Women Social Enterprise-CIQAM, A Transfoartive Model of Women’s Empowerment

Women Social Enterprise (WSE), now renamed as ‘CIQAM’, has a unique beginning unlike many development projects and initiatives. Initiated as a pilot activity to provide poor households access to income earning opportunities through engaging young girls in heritage development project activities of the Aga Khan Cultural Service Pakistan (AKCSP) in late 2003, WSE went through a number of evolutionary phases over the years. The first group of 6 girls inducted along with 6 young boys was trained in plan-table survey as part of mapping of historic villages in Hunza for AKCSP/Aga Khan Historic Cities Programme (AKHCP) of the Aga Khan Trust for Culture (AKTC). The group of girls remained steadfast in fulfilling the training and project requirements whereas the boys left during the training phase for better opportunities elsewhere.

The girl trainee surveyors, despite various technical limitations and cultural constraints, performed outstandingly by mapping historic villages of Ganish and Altit by middle of 2004 and at the same time improved their understanding on collecting spatial data with simple tools. Encouraged by their interest in acquiring technical skill and motivation to work in challenging socio-cultural conditions, AKSCP took a bold step to conduct ‘Inventory of Cultural Heritage’ and ‘Documentation of Images and Damages of Haldiekish Sacred Rock’ Hunza under the leadership of Mrs. Yasmin Cheema, specialist on Heritage Inventory and Dr. Lyder Marstrander of Norwegian Directorate of Cultural Heritage (RA) by this group during 2004. The number of girl trainees was increased from 6 to 20 and trained in basic skills including tracing of images, motifs and carvings, free-hand sketching, scanning and drawing P lines on scanned images in computer. The group continued data collection on heritage from almost all major historic villages of central Hunza and Nagar during 2004 and early 2005. AKTC during this period provided financial support for this initiative and helped the group to improve its basic technical skills and earn a small income for their families.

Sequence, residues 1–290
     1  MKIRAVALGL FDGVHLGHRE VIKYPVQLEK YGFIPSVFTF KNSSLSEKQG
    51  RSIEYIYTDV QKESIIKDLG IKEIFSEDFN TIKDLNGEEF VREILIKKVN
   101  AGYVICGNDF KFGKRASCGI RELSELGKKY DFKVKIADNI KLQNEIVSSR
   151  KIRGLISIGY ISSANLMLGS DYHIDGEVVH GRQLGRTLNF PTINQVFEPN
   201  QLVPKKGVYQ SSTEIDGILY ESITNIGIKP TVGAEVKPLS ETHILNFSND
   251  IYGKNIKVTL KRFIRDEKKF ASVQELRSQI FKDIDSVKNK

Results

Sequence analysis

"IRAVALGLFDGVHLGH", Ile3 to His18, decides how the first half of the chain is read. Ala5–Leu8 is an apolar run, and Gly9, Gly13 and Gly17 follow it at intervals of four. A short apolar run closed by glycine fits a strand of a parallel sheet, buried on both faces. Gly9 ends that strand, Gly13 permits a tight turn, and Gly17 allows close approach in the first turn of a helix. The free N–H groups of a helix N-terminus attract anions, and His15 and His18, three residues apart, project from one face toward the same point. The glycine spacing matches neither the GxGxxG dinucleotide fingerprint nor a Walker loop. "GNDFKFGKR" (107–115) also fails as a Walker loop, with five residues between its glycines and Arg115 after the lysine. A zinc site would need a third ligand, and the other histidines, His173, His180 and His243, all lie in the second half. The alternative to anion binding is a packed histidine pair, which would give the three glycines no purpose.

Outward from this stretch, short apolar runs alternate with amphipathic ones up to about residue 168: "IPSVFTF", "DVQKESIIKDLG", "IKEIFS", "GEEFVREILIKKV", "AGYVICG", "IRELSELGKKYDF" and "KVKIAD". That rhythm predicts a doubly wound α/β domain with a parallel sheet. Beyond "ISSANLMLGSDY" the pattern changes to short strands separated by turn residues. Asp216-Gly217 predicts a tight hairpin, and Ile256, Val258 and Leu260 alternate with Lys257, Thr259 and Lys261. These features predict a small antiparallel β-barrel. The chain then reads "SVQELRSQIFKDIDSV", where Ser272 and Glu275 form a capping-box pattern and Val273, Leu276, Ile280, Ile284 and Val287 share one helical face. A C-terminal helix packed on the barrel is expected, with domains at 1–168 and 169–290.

The first outside support came in 2005 from the World Bank to develop a ‘Curriculum for Documentation of Cultural Heritage’ with a small grant of USD 30,000 which enabled AKCSP to improve training of young girls within the on-going cultural development projects. A training plan was developed to train young girls in technical documentation of heritage assets, instrumentation and digitization of technical data in order to develop a team of young girls to ‘document historic Altit Fort’ as the first step towards its multi-year restoration and re-use programme. To implement the training plan modern technology and usage of software was introduced supported by trained professionals including architects and engineers led by international conservation experts as training resources. Technical teams led by conservation expert mentored and supervised trainee groups during the documentation of Altit Fort in 2006 and subsequently during the restoration phase.